Cody Glass is finally playing professional hockey. Two years after being drafted sixth overall by the Vegas Golden Knights at the 2017 NHL Entry Draft, Glass, Vegas’ first draft pick in franchise history, has contributed meaningfully to the Chicago Wolves’ run to the Calder Cup Final.
Glass, 20, has three postseason game-winning goals, tied with teammates Keegan Kolesar and Daniel Carr for the most in the league. Through the first 17 games of the Wolves’ Final run, Glass has contributed 12 points, including six goals, tied for fourth-most on the team.
“I want to make an impact,” Glass said. “To be able to contribute in a way like that is awesome, and ultimately it’s helped get us to where we are today, but our team’s been playing unbelievably so I can’t say enough good things about them.”
The first true test of Glass’ career came after a rough knee injury back in January as a member of the Portland Winterhawks. He says recovering from the injury was one of the most important developments since playing for Chicago.
“Strength, that was one of the things I was a little bit worried about, seeing how I handled myself, and I’ve been doing a good job of that,” Glass said. “Obviously I had a knee injury coming in, and speed has been a little bit of an issue and that’s something I need to work on over the summer.”
Still, Glass’ contributions have been recognized by the team, especially coming from a player so young and with his first AHL experience coming in the postseason.
“He’s been great for our team,” veteran forward Curtis McKenzie said. “He’s a guy who’s very confident in what he can do and bringing that in, he’s really helped elevate not only our team but the players around him, and you can see why he was a high draft pick and that he’s got a bright future.”
Glass has played much of the playoffs on a line with Tye McGinn and Tomas Hyka. Hyka leads the team in points with 14 in 17 games, and McGinn is second with six goals. That line has been one of the most consistent in terms of production — something which has been crucial for the Wolves.
“He’s just getting better as the season gets longer,” Wolves head coach Rocky Thompson said. “He’s adjusted really well to the size and the speed of the opposition and he’s not afraid to get to the dirty areas. He has the ability to make plays and he’s done a really good job of his transition from junior to pro. Sometimes guys of his caliber can adjust quickly, which he is and he’s getting better because of it.”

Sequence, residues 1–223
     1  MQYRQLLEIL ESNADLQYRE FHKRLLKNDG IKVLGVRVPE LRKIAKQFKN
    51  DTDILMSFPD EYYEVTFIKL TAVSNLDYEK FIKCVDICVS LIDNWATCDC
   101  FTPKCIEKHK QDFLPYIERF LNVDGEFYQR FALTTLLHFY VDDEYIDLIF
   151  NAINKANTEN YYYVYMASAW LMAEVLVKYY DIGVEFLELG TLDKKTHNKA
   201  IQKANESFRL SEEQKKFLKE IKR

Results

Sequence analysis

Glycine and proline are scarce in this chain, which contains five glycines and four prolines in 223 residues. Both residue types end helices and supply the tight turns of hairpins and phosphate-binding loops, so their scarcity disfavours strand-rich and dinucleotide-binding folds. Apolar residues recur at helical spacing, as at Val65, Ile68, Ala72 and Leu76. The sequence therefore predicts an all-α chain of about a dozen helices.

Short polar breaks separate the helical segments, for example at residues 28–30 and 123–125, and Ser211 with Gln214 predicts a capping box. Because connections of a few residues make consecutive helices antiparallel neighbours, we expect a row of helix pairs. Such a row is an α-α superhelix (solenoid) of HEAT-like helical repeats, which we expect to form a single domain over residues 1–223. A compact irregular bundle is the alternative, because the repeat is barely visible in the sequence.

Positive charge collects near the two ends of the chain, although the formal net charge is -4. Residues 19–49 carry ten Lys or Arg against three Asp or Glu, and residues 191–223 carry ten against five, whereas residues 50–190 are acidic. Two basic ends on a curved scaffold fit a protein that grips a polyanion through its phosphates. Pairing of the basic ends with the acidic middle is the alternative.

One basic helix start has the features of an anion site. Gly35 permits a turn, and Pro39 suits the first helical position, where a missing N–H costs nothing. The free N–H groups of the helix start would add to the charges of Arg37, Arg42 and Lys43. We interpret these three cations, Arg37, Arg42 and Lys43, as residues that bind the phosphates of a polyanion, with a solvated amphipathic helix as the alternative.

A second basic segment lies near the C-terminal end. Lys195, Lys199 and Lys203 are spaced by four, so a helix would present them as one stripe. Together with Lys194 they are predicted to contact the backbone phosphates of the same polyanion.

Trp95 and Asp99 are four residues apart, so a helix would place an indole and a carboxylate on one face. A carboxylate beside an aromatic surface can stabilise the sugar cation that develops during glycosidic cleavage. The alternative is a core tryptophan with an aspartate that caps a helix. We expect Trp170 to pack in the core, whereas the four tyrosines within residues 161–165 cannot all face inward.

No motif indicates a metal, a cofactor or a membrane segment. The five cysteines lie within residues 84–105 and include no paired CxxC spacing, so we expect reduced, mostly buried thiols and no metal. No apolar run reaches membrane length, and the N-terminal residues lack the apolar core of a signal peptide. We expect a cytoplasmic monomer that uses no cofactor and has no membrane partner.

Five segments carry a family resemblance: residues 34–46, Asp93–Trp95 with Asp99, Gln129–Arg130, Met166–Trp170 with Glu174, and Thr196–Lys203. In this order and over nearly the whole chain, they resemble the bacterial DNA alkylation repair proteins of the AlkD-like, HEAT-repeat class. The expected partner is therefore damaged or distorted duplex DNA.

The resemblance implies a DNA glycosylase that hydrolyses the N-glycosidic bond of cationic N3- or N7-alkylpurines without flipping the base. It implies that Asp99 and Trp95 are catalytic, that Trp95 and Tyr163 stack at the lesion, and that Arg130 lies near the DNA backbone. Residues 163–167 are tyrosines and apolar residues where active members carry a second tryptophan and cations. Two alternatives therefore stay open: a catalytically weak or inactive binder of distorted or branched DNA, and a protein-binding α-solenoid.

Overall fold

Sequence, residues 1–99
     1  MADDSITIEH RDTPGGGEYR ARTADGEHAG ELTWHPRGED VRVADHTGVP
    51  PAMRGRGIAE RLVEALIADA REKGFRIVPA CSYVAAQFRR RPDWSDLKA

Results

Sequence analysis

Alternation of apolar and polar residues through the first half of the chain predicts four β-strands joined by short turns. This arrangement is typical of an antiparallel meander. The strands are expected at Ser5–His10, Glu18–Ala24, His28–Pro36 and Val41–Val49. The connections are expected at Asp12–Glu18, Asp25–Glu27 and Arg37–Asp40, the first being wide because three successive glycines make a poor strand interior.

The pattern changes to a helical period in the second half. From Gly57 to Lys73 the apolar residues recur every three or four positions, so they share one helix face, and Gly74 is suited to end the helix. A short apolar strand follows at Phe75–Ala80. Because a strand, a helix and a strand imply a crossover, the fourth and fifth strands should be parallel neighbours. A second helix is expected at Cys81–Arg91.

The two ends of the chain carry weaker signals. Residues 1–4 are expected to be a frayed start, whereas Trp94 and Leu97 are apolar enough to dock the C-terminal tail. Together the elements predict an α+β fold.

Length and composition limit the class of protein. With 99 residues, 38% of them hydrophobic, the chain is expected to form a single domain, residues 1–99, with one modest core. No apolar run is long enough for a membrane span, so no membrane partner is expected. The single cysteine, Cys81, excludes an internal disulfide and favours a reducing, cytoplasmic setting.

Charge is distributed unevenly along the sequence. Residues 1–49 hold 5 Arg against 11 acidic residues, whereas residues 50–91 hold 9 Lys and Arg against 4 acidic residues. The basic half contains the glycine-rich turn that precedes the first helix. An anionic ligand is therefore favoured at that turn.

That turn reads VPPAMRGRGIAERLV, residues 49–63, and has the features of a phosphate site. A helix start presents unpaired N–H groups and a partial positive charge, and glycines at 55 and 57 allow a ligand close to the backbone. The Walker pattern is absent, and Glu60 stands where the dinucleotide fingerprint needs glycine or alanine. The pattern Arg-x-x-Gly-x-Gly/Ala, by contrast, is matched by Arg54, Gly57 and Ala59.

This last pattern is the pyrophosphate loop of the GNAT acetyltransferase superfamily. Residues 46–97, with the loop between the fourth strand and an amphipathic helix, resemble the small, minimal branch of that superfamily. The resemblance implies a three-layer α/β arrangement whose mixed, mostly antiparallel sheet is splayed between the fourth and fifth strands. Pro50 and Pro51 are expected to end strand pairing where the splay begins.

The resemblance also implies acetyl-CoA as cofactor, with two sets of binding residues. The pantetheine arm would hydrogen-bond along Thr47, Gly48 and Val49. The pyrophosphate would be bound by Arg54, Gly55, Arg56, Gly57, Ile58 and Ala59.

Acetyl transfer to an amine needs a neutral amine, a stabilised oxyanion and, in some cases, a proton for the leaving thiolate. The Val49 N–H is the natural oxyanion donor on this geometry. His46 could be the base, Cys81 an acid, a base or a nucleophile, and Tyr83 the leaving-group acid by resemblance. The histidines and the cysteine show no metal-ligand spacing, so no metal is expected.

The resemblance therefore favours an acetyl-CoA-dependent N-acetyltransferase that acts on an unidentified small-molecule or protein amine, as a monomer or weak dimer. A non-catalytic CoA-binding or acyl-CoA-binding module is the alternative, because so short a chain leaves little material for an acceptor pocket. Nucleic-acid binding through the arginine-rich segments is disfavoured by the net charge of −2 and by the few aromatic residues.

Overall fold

For Glass, this playoff season is as much of a learning opportunity as it is to prove himself to the Golden Knights’ front office at the professional level. With a group of veterans around, including McKenzie, who, like Glass, went to the Calder Cup Final (and won) in his rookie season, Glass has plenty of mentors to learn from.
“Probably the biggest [piece of advice] has been just take it one game at a time,” Glass said. “There’s times I try to force things or I get down on myself, and they’re always there to help me back up, just keep talking to me and giving me good information, just helping me with systems. They’ve helped with the little things and for a player like me it goes a long way.”
Of course, Glass isn’t the only notable youngster on the Wolves’ roster. Nic Hague and Zach Whitecloud, both rookies, have been the Wolves’ top pairing throughout the postseason and Dylan Coghlan, perhaps the Wolves’ best offensive defenseman (and also a rookie), recently returned from injury. Kolesar, another young forward, has known Glass since they were kids, growing up in Winnipeg.
“Hague and Coghlan, they’ve made me feel a part of the team since Day 1, helping me move into my place,” Glass said. “I’m always with them, pretty much 100 percent of the day. We watch movies every night and that’s what helps most, having best friends away from the ice. It goes a long way. With Kolesar, we train together in the summer time and have a lot of fun together. When you’re going on a run like this with a bunch of your friends, it just makes it that much better.”
Glass will continue to be important as the Wolves move on to their final test against the Charlotte Checkers. Charlotte enters the Calder Cup Final as the best team in the AHL’s regular season. Both teams, however, have fought the same fights to get to this stage — Charlotte also won their Conference Final in six games, one night before the Wolves moved on to the Final on Monday.
“I’m excited,” Glass said. “It’s been a long journey and our team’s been working for everything. It’s going to be a good test for us.”